HIV isn’t spread through casual contact with other people, such as hugging, sharing cutlery or shaking hands – the virus simply doesn’t survive long outside of the body. It’s also not spread through sweat, tears, vomit, faeces or urine.
The virus is spread by means of direct contact with an infected person’s semen, vaginal fluid, blood or breast milk. HIV is most commonly spread through unprotect vaginal, anal and oral sex. It’s also often spread by people who inject drugs (and who use the same needles as an infected person).
Start by following these steps to reduce your risk of getting HIV:
- Know your HIV status. If you don’t get tested, you won’t know if you’re HIV positive or not. During the first three months of infection (the ‘window period’), it’s hard to pick up the virus in the body. That’s why testing every six months is the best way to be sure.
- Know your partner’s HIV status. You and your partner should both get tested before you have sex for the first time. You can’t rely on being this person’s only sexual partner. People are sometimes reluctant to disclose their sexual habits.
- Never have sex without a condom. You simply have to make this a rule if you want to reduce your chances of becoming HIV positive. Make sure you know how to use a condom correctly.
- Practise safe sex. Kissing, erotic massage and mutual masturbation are all examples of safer sex activities. You can’t get HIV from doing these things. Oral sex without a condom or dental dam isn’t recommended, but it’s still safer than having unprotected sex.
- Be faithful. Don’t sleep around. If you and your partner have both been tested, you’re both HIV negative and you’re faithful to one another, you can’t get HIV from sexual contact. Experts recommend that you have two HIV tests six months apart when neither of you has had any new sexual partners in between. It’s the only way to be sure.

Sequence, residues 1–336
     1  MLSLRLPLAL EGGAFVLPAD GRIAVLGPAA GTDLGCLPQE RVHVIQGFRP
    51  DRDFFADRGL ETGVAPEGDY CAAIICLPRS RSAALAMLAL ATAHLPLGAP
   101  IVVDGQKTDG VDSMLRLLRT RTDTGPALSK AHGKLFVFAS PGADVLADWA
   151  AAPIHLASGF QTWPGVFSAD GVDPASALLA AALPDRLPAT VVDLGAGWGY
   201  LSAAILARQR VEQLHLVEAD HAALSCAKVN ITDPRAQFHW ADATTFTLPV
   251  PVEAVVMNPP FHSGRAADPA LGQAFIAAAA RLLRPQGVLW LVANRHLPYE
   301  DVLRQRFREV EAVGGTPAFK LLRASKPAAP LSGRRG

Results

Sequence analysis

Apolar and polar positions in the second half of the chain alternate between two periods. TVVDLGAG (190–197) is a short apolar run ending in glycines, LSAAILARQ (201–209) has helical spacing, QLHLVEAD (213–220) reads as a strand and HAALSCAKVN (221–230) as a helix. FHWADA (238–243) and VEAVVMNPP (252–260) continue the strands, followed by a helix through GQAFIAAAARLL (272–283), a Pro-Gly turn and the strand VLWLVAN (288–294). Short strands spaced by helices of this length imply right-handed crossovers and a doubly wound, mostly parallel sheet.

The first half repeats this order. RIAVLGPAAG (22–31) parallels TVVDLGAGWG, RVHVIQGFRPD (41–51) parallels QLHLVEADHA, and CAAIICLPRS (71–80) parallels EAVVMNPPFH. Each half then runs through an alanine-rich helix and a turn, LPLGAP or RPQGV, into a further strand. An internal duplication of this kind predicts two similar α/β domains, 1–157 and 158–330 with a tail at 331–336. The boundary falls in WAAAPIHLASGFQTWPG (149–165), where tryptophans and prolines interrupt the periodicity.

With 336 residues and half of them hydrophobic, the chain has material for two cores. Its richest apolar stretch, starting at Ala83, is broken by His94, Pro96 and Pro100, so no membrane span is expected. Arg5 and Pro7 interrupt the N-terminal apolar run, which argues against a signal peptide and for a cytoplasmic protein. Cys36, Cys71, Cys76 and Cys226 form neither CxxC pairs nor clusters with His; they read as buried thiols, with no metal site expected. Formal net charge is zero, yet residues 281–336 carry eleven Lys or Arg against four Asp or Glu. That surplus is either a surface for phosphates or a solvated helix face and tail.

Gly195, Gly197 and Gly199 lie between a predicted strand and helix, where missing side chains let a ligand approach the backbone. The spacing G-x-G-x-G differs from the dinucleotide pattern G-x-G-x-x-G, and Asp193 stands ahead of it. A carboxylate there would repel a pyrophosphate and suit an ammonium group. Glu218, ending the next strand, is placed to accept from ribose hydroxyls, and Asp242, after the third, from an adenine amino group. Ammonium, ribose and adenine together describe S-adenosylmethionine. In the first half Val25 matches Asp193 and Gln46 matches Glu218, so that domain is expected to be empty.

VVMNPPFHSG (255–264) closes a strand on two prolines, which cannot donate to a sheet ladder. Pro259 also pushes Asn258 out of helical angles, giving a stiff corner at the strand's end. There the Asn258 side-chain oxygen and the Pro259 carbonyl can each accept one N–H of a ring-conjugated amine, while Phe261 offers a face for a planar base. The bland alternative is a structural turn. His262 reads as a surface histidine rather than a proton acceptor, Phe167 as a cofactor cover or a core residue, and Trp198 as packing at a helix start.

- Avoid having sex. This isn’t easy for most people, but it’s the one way of making absolutely sure that you don’t become HIV positive as a result of sexual contact. If you’re still a virgin, try to delay your sexual debut.
- Stay away from drugs. If you’re unable to do this, make sure you use clean needles and equipment and that you don’t share needles with other drug users. Note that one of the consequences of drug use is also that being high can make you forget about the rules of safe sex.
- Avoid blood contact. If you’re helping a bleeding person, avoid getting any of their blood into any sores or cuts you may have on your skin. Also protect your eyes and mouth. There should be gloves in all first-aid kits – use them.
- Transmission in pregnancy. If you’re pregnant and don’t know your HIV status, get tested. If you’re HIV-positive, taking antiretroviral treatment (ART) during your pregnancy and when you deliver the baby will greatly reduce the chances of transmitting HIV to your baby.
- Consider circumcision. This procedure, in which the foreskin of the penis is removed, has been shown to reduce the risk of HIV transmission from women to men.